[Image: mcelroydiarygrab.jpg]As she testified, McElroy admitted that her sworn account of the Brown-Wilson confrontation was likely peppered with details of the incident she had read online. But she remained adamant about having been on Canfield Drive and seeing Brown "going after the officer like a football player" before being shot to death.
McElroy's last two journal entries for August 9 read like an after-the-fact summary of the account she gave to federal investigators on October 22 and the Ferguson grand jury the following afternoon. It is so obvious that the notebook entries were not contemporaneous creations that investigators should have checked to see if the ink had dried.
The opening entry in McElroy's journal on the day Brown died declared, "Well Im gonna take my random drive to Florisant. Need to understand the Black race better so I stop calling Blacks Niggers and Start calling them People." A commendable goal, indeed.
Near the end of her testimony, McElroy was questioned about a Facebook page she had started to raise money for Wilson. McElroy corrected a prosecutor, saying that the page was "not for Darren Wilson," but rather other law enforcement officers who have "been [Image: firstresp.jpg]dealing with all the long hours" as a result of unrest in Ferguson.
McElroy's group purports to be a "non-profit organization," though Missouri state corporation records contain no mention of the outfit, which launched its Facebook page two weeks after Brown's killing. In donation pitches posted on other Facebook pages, "First Responders Support" claimed that money raised through an online fundraising campaign would be used to pay for care packages and gift cards for cops "that have been dealing with the riots here in St Louis MO."
In an October 25 Facebook discussion thread on the web site of a St. Louis TV station, McElroy--using one of her personal Facebook accounts--posted a link to the "First Responders" fundraising page, along with a call to action. "How about support the LEO instead of these thugs," she wrote. Two minutes later, a similar link to the YouCaring web site was posted from the "First Responders" Facebook account.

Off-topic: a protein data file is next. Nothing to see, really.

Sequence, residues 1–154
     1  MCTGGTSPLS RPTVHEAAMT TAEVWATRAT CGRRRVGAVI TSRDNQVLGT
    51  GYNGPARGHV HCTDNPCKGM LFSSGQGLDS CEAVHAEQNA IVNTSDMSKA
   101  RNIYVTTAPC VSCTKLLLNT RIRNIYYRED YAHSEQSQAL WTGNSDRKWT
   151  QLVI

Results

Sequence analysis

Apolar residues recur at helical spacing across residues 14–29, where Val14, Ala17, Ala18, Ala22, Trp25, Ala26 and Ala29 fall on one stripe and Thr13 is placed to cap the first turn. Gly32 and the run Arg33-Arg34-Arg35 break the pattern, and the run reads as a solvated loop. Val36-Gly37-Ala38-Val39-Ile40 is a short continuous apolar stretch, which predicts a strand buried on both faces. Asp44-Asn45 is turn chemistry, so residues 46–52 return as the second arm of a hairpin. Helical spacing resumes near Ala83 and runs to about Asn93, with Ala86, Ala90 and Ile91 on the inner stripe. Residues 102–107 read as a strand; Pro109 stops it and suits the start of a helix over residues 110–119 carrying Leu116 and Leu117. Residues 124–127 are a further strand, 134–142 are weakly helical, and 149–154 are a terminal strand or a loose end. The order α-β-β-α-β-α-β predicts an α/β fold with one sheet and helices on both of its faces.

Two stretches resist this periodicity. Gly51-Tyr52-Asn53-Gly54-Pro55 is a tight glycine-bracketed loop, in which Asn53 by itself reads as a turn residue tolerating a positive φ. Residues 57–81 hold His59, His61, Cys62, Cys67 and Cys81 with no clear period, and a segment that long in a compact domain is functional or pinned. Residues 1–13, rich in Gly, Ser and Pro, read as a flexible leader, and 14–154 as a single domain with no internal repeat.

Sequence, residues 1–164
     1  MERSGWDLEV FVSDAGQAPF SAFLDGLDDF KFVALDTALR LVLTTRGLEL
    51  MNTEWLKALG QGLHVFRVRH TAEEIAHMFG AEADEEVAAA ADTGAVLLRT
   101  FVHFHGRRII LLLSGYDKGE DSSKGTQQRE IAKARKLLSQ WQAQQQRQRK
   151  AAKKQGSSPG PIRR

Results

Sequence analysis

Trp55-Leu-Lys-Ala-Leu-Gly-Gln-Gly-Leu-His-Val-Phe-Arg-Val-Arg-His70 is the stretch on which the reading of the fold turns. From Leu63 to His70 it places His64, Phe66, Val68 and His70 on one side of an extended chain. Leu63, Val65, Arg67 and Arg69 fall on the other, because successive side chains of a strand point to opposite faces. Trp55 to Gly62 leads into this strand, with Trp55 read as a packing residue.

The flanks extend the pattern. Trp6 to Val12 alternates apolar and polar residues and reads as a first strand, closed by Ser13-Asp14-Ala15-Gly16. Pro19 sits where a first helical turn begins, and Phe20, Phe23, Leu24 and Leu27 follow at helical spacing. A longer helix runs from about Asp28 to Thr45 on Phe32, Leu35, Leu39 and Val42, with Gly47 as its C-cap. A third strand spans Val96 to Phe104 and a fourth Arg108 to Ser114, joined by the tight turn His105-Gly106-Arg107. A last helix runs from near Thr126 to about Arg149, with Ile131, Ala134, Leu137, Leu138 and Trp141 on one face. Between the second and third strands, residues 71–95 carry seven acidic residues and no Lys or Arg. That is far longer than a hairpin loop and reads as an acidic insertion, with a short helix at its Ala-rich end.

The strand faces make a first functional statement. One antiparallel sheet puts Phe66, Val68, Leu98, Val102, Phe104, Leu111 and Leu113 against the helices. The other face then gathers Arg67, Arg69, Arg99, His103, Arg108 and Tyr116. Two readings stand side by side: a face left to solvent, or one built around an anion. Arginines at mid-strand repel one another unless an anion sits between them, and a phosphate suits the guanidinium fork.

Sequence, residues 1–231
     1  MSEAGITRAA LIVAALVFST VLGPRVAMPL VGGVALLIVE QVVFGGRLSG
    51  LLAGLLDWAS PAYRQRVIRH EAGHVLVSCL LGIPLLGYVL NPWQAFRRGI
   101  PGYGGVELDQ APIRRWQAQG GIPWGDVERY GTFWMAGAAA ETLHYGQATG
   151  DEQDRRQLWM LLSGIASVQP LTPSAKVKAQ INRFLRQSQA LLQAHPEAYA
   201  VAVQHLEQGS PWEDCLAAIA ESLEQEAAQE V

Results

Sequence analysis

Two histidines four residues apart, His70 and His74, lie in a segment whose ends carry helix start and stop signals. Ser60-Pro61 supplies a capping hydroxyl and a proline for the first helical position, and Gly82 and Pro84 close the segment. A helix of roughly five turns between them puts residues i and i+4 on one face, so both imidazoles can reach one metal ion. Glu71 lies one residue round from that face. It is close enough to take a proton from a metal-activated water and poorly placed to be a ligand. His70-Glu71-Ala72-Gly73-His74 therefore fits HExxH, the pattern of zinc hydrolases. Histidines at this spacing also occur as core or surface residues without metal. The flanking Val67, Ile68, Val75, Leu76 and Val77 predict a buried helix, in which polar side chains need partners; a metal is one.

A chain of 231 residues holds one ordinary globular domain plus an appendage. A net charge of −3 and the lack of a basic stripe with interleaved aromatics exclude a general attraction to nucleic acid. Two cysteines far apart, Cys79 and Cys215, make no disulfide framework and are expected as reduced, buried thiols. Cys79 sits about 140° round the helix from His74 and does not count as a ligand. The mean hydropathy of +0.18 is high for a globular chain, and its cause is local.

It is unknown how much money McElroy's Facebook gambit has raised, or how the money was spent. But in a December 5 post, the "First Responders" page offered a fundraising update. Since "Officer Wilson's attorney has made it clear there are to be NO online donation excepted," McElroy wrote, "I purchased a money order and mailed it" to the "Darren Wilson Trust Fund."
A TSG reporter last week sent a message to the "First Responders" Facebook page asking how much money the group raised and donated to Wilson. While that inquiry was ignored, the fundraising post was subsequently deleted.
Perhaps McElroy did not want to get caught telling a lie.

"Let me issue and control a nation's money and I care not who writes the laws. - Mayer Rothschild
"Civil disobedience is not our problem. Our problem is civil obedience! People are obedient in the face of poverty, starvation, stupidity, war, and cruelty. Our problem is that grand thieves are running the country. That's our problem!" - Howard Zinn
"If there is no struggle there is no progress. Power concedes nothing without a demand. It never did and never will" - Frederick Douglass
There's a clear case of prosecutorial misconduct here that should be vigorously prosecuted.

Meanwhile while Prosecutor McCulloch used liars and crazies as false witnesses here is a real witness who was there and his reaction to Officer Wilson's gunning down of Michael Brown:
JUAN GONZÁLEZ: As protests continue across the country over the police killing of Michael Brown, new questions are being raised about the grand jury that failed to indict Ferguson police officer Darren Wilson for shooting Brown. Many questions center on a woman identified in the grand jury documents simply as "Witness 40." She told the grand jury that Brown charged at Wilson, quote, "like a football player." Her testimony largely supported Wilson's versions of events and has been cited repeatedly on Fox News.
SEAN HANNITY: And then, quote, "He looked like a football player with his head down charging at Officer Wilson," charged at him, quoteand I'm reading"like a football player with his head down charging." ... That Michael Brown, you know, was charging like a football player, full force, on Officer Wilson. ... One witness described it as charging at Officer Wilson like a football player with his head down. ... Don't charge him, to quote one of the eyewitnesses, like a football player with your head down.